Jumat, 17 Juni 2011

18 losing years weren't all misery

By Bob Smizik
June 17, 2011

HOUSTON - JUNE 16: Garrett Jones #46 of the Pittsburgh Pirates hits a three run home run in the first inning against the Houston Astros at Minute Maid Park on June 16, 2011 in Houston, Texas. (Photo by Bob Levey/Getty Images)

Amid this flurry of Pirate victories, which has put the team in the highly unusual position of being two games over .500, people are looking back on the bad, old days and some are recalling them as 18 seasons of ``misery.’’

Everyone is entitled to describe their own feelings, but I have a hard time equating a losing baseball team with ``misery.’’ That’s especially true because those teams were surrounded by and often had overlapping seasons with highly successful NFL and NHL franchises that would tend to take the edge of that ``misery.’’

But this isn’t about feelings, it’s about fact. Yes, there have been 18 consecutive seasons in which the Pirates lost more games than they won, but not all of those seasons were miserable. The so-called misery didn’t truly begin until the Pirates moved into PNC Park in 2001 and lost 100 games. That turned everything upside down. All of a sudden, a season of less than 95 losses was a success.

That wasn’t how this losing began. In their final eight seasons at Three Rivers Stadium, the Pirates might have had losing records but they were not a national punch line. Fans looked at the upcoming season with hope, not dread.

As is well known, the Pirates made a serious run at a division title in 1997 when the streak was only four years in duration. They were 1½ game out of first place on Sept. 2 and 3½ out with seven game to go. A division title was within their reach going into the final week of the season. That wasn’t misery; it was fun and excitement.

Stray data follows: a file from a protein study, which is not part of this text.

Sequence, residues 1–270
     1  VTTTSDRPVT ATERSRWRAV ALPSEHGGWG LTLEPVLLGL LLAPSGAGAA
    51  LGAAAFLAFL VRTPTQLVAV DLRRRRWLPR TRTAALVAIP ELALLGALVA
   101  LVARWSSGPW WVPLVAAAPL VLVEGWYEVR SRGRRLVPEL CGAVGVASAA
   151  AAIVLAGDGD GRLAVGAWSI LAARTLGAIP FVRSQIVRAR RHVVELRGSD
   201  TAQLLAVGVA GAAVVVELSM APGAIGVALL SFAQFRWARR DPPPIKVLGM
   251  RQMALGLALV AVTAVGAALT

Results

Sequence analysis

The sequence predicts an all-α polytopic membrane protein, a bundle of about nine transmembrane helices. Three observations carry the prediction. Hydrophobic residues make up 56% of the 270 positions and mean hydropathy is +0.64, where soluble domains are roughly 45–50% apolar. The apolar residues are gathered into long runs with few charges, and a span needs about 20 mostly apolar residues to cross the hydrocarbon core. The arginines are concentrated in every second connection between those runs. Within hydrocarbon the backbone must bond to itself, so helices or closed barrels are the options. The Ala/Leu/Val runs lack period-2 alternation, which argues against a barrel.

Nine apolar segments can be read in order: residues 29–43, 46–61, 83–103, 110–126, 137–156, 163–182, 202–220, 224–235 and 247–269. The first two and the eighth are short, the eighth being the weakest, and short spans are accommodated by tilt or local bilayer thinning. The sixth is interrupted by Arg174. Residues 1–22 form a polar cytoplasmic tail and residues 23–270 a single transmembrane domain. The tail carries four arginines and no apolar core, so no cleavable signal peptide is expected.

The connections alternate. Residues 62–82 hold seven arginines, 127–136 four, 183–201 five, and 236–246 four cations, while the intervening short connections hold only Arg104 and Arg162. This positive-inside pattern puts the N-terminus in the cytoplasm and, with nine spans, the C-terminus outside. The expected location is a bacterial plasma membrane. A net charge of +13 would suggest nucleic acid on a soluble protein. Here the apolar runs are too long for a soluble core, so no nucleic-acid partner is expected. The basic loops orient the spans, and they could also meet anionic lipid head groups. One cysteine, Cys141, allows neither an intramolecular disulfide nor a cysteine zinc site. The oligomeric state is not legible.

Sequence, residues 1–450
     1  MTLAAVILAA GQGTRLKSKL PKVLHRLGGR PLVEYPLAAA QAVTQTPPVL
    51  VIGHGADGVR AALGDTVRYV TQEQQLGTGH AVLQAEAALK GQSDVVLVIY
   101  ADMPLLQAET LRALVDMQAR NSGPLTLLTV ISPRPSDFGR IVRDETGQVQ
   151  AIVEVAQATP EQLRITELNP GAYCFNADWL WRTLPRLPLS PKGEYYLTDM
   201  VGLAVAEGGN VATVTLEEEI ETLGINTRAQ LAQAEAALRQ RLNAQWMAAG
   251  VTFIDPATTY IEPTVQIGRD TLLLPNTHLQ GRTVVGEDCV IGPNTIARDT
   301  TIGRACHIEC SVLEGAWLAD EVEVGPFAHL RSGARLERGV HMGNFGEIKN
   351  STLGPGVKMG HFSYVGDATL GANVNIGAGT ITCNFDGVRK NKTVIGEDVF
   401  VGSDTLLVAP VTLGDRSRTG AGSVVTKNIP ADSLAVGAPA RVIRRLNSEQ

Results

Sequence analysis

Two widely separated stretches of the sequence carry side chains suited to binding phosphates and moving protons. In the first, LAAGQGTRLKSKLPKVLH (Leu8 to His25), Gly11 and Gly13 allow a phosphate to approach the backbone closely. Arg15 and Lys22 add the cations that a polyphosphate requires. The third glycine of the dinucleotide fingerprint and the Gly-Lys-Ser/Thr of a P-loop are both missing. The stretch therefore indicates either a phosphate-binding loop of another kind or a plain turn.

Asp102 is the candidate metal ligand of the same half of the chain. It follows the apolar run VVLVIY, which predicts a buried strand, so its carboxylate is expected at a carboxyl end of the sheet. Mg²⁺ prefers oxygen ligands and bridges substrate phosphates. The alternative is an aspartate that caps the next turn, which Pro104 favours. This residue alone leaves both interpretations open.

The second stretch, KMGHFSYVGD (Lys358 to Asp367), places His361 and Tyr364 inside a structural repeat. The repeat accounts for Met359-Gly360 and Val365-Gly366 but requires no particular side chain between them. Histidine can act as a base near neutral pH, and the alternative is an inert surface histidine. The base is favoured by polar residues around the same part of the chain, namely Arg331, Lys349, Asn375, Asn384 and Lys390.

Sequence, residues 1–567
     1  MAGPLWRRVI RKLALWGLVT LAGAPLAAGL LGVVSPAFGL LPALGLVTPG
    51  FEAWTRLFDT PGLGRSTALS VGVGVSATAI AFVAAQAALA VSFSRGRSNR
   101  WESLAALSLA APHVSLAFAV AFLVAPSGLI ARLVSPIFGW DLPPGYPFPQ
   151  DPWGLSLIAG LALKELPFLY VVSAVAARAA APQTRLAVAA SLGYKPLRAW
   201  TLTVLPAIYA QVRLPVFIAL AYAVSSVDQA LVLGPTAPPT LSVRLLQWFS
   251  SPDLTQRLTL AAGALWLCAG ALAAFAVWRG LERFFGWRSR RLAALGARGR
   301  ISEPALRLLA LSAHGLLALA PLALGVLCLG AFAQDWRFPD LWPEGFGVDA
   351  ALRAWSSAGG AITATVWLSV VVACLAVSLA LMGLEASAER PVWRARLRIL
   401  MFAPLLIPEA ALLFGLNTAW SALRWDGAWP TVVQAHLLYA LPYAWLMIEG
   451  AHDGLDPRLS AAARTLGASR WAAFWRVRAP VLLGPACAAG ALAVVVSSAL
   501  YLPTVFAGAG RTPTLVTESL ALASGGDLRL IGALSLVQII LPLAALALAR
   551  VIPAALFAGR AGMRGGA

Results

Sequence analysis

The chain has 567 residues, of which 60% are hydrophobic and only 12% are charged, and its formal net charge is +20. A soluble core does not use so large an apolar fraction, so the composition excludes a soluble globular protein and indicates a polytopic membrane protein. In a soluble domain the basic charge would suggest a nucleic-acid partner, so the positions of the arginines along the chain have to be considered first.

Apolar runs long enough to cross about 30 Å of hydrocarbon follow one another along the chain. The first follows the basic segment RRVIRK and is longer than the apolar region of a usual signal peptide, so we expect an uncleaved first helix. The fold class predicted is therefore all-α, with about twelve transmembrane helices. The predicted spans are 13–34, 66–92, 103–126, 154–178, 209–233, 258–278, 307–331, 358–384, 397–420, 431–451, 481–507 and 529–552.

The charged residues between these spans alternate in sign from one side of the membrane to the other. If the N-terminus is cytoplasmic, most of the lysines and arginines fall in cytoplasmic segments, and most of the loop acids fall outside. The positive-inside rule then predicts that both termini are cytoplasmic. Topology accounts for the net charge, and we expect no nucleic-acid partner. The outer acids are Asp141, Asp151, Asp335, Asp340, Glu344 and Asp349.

Two years later the Pirates did almost as well but the NL Central wasn’t as cooperative. A losing record wasn’t good enough to contend but the Pirates were not the civic embarrassment some believe them to be today.

The 1999 season was the last time the Pirates had anything approaching a serious relationship with .500 baseball. The manager that year and in 1997 was Gene Lamont, who, by today’s standards, was a raging success.

In 1999, the Pirates were above .500 from May 30 to June 20. They were at or above .500 from May 29 through July 5. They were a seriously competitive team --- five games out of first and in third place at the end of June.

To answer some questions that might come up in the days ahead, the last time the Pirates were three games over .500 was July 1, 1999 (40-37); the last time they were four games over was June 16, 1999 (34-30); the last time there were five games over was June 4, 1999 (29-24).

The Pirates were 46-45 on July 18; 56-55 on Aug. 8; 61-61 on Aug. 20. They never touched .500 again but always remained within reach. They were 78-80 with three games remaining in the season and -- a barometer of the seasons ahead -- lost all three games.

But it was a good season. There was no misery. The Pirates had two players with 100 or more RBIs -- Brian Giles and Kevin Young. They had a third baseman with 81 RBIs -- Ed Sprague -- and a second baseman with 73 -- Warren Morris.

Giles, Young and Morris all had their careers in front of them. So did Jason Kendall, Aramis Ramirez, Al Martin and Adrian Brown. The pitching staff was young and full of potential -- Jason Schmidt, Kris Benson, Francisco Cordova and Todd Ritchie.

It was a fun time. But for many reasons that team never worked out -- never come close to working out.

Which is to say, enjoy the 2011 Pirates. You never know how long this success will last.

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